This rough work requires a particularly robust seeding set-up.

Time inevitably takes its toll and they were starting to shear bolts in the parallel linkages that carry the coulters. So in 2010 they ordered a fresh one and traded the old one in.

“But pretty quickly we realised we couldn’t cover the workload – virtually every farmer in the region had moved over to us for their reseeds and cereal drilling because the Allen was the only drill that could do the job reliably.”

So the team at Ashburton were tasked with converting the old rig to a min-till cultivator drill – effectively a heavy-duty version of the Vaderstad Rapid – well-suited to getting cereal crops established. It’s still going strong today, as is its replacement.

But with more and more land going under centre-pivots, demand for a robust, reliable means of getting pasture established continued to grow and so three years ago O’Neill ordered his third Allen drill – this time a 5m machine.

It’s proved a firm favourite with operator Ben Scott and, pulled with a Fendt 927, it now handles the lion’s share of the drilling workload – some 3000ha/year.

“My life is made easy by the Allen drill. Being that little bit wider I can trundle on at a steady pace – 8-12kph – with the tractor barely going above 1500rpm and still cover a decent lump of ground each day.

“But it’s the clever design that makes it such a breeze to use. Having constant oil flow to the wings with the fold rams plumbed into the fan circuit and cushioned by gas accumulators means it will nearly always get the seed in the ground, no matter how hard.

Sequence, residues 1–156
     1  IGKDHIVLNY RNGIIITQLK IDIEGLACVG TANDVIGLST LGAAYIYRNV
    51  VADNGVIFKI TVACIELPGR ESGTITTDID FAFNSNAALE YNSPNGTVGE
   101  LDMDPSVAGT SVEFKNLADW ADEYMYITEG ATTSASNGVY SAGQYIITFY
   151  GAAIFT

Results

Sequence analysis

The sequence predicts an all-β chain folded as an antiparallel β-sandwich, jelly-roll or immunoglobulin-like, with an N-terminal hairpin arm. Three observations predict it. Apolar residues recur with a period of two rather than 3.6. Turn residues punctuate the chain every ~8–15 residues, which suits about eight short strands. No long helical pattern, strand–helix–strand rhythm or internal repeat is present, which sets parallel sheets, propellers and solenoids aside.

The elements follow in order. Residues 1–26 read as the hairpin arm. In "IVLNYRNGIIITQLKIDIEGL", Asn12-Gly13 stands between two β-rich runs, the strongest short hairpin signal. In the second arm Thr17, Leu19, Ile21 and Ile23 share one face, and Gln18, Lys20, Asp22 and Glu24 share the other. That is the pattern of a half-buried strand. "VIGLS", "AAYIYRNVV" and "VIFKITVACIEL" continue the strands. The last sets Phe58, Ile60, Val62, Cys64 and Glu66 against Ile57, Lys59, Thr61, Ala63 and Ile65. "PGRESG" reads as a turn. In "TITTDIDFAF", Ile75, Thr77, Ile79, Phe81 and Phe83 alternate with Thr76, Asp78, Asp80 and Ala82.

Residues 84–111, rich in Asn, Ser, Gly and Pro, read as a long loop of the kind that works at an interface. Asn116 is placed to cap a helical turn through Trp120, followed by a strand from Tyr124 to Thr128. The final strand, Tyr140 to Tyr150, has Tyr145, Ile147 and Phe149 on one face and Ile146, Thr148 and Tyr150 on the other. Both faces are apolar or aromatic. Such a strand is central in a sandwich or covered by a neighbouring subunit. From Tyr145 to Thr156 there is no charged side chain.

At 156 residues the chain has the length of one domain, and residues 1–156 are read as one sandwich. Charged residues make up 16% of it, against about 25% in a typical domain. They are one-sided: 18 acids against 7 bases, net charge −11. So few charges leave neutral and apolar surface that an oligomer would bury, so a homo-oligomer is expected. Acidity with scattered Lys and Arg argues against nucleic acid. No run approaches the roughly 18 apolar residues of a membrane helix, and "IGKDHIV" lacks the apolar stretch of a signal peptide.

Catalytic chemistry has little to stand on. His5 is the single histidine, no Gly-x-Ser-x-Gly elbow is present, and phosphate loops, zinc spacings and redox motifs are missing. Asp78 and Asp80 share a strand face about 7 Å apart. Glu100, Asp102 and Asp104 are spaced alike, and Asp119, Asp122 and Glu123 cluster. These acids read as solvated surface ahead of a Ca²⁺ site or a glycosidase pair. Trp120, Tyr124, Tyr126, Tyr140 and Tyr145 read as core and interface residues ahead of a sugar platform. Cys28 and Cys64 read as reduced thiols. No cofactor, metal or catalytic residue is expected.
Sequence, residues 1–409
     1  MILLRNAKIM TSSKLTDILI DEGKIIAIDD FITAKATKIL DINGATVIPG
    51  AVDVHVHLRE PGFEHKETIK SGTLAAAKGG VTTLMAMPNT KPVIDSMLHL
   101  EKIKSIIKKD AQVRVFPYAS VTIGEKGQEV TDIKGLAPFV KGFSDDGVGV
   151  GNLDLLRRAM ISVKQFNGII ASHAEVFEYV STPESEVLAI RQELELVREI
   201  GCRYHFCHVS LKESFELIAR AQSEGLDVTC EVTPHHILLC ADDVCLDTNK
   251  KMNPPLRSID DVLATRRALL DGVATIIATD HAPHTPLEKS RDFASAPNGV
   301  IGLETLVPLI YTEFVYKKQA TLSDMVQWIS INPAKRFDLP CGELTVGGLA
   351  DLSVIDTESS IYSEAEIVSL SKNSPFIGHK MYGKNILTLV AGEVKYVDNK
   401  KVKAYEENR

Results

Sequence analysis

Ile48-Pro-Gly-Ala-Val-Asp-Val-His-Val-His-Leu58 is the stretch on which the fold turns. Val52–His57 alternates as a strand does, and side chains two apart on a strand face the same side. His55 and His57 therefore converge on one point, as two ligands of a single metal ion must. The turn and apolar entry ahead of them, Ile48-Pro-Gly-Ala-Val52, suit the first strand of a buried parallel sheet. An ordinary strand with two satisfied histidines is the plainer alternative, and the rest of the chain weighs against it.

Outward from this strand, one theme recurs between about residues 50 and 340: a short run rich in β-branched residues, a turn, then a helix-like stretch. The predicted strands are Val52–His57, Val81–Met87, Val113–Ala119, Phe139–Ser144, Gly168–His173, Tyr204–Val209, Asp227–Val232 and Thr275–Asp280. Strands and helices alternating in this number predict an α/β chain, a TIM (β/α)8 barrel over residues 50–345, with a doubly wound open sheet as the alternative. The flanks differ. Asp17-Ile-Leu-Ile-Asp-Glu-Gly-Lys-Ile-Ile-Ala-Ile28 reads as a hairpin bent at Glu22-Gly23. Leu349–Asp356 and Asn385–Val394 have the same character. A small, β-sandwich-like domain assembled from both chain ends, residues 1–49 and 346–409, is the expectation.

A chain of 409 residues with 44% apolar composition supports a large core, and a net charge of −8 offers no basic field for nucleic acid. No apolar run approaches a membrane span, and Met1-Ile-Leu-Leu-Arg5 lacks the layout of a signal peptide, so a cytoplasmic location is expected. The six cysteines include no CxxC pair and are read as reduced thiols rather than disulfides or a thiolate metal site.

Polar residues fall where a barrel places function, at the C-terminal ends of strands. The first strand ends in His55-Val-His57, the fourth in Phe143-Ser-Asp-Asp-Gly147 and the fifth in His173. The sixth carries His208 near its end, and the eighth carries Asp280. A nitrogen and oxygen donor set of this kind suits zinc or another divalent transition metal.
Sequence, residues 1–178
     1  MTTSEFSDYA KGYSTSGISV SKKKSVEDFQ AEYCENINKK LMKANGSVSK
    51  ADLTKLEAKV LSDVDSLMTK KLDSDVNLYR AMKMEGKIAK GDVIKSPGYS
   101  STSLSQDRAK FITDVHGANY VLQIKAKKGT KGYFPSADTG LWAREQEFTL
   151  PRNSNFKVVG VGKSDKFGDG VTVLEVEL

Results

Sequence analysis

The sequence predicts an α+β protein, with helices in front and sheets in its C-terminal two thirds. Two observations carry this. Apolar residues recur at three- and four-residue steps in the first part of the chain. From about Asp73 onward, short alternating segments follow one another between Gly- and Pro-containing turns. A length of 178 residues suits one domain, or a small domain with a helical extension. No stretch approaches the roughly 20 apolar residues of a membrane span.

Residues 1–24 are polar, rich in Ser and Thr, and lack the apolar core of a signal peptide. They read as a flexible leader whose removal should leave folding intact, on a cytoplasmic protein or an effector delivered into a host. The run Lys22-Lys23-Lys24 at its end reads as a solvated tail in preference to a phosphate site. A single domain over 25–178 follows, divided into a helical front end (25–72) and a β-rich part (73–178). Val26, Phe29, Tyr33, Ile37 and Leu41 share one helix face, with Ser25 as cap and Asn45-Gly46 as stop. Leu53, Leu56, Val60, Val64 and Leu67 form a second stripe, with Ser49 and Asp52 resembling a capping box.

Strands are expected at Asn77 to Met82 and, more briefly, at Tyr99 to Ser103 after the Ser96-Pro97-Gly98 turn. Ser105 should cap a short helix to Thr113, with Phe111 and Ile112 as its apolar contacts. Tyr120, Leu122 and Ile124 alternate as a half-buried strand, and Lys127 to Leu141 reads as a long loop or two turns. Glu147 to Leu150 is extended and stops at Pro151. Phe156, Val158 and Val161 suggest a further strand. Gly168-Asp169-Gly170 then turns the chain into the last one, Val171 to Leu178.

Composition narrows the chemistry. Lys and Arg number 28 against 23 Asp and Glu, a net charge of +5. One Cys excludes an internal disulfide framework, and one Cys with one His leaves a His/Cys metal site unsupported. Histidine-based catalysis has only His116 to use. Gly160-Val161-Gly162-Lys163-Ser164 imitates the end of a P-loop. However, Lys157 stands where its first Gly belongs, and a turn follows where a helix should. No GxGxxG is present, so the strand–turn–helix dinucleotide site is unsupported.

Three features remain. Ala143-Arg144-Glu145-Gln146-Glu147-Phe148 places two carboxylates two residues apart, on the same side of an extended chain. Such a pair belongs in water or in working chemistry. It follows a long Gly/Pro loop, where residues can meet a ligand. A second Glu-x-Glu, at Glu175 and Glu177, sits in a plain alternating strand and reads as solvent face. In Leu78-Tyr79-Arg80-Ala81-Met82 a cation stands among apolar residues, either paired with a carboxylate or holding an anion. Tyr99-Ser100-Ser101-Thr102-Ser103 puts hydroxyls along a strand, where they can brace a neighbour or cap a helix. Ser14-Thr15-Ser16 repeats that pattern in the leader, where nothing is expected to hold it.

“It’s a real driver’s machine. Calibration is a dead simple with the RDS box and often I’m working on my own right out in the back country so having the Hiab crane is a godsend.”

As regards wearing parts, the twin-disc coulters will stretch to 2500ha in the region’s unforgiving conditions while the wavy opening discs will handle about 1000ha before they need changing.

And it’s a similar story for the rubber sausages that provide damping of these leading discs.

Changing them is a tricky task because each pair weigh over 75kg and by their nature they are unbalanced with the majority of their weight at the rear. Not being strangers to the job, the workshop team of Jason Waters and Craig Lintern have built their own support rig to make changeovers a simpler task.

“Ultimately we’re getting a huge amount more work out of our Allen drills than I believe is possible with any other seeder,” O’Neill says.